The drive for a clean environment continues with even more urgency, as effects of climate change become more apparent every day.  Scientists worldwide have amassed evidence suggesting that the need to take action now is more important than ever.  As we have seen in recent news, larger, and more frequent, events such as floods, storms and other natural catastrophes are occurring; costing millions of lives and destroying the livelihood of even more.  If we do not rethink our consumer behavior, we could steer our communities into an ecological crisis.  We do not have to give up our lifestyles in order to affect a change; we only need to make smarter decisions.  Small changes in our lifestyle can make a big difference.  And everyone can do them without experiencing a significant disruption to their day to day business.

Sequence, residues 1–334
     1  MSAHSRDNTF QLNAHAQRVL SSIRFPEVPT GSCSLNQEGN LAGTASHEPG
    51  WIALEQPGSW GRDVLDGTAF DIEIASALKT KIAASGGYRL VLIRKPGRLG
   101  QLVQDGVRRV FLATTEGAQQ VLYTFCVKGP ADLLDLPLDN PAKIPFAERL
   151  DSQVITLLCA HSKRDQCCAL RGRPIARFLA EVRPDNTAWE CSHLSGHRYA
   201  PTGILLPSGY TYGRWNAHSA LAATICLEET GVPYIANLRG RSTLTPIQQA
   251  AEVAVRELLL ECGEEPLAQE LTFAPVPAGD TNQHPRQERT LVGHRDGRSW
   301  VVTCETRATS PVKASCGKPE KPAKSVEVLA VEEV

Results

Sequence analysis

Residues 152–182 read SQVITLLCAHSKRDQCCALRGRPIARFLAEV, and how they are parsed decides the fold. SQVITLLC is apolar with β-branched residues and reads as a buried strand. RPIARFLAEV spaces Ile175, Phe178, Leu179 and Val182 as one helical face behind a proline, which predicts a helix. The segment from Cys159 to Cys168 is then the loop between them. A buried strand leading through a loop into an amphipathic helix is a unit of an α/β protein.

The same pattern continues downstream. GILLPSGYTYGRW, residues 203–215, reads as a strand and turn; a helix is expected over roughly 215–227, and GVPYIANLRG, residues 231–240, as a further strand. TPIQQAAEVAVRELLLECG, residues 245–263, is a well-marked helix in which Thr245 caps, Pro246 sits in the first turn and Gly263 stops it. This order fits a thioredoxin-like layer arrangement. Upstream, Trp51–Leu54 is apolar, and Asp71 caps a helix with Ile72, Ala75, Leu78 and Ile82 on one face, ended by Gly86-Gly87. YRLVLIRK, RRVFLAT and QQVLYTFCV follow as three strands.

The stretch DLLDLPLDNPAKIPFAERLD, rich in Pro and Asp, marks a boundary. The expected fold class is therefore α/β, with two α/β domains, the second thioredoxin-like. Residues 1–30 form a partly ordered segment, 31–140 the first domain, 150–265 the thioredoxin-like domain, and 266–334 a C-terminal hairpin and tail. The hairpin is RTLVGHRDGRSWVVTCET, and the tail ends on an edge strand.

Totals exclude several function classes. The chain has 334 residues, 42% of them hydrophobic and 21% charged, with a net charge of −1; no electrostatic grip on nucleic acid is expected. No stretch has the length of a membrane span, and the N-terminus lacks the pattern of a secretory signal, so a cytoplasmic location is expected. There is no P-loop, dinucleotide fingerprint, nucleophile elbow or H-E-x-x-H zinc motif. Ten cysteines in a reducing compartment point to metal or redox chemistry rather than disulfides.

There is a popular movement toward “sustainable consumerism” occurring in Europe and the U.S.; which promotes purchasing goods that are produced with the minimum amount of resources consumed in the production of those goods.  A large supermarket provides goods that are grown thousands of miles away, sometimes in a location that requires extensive irrigation. Why not change the demand signal by going to a local farmer’s market?  Farmer’s markets require minimal resources in order to produce goods that provide as much, if not more, benefit to the consumer - you.  Did you know that many nearby cities, including Kaiserslautern, hold regular Farmer’s Markets? And there are even more possibilities to easily change the negative impact by doing simple things such as changing your conventional light bulbs to energy-saving bulbs, such as LED (light emitting diode) or CFL (compact fluorescent lamp) bulbs.  These bulbs are more efficient and use 80% less energy while lasting up to 10 times longer.  Imagine, just replacing 10 bulbs could pay for themselves within one year, saving you about $25 annually, and reducing 14 kg of carbon emissions from being produced by electrical companies each year.  Additionally, turning off electronics, or even unplugging them, instead of keeping them on standby, will save both energy and money, as will washing your clothes at a lower temperature to reduce hot water bills.  Do you need to use your car for short distances? Walking is healthy and your wallet will be grateful.  Finally, did you know that for every degree Celsius less in room temperature, you will consume about 10% less energy – again a win/win situation for your wallet and for the environment?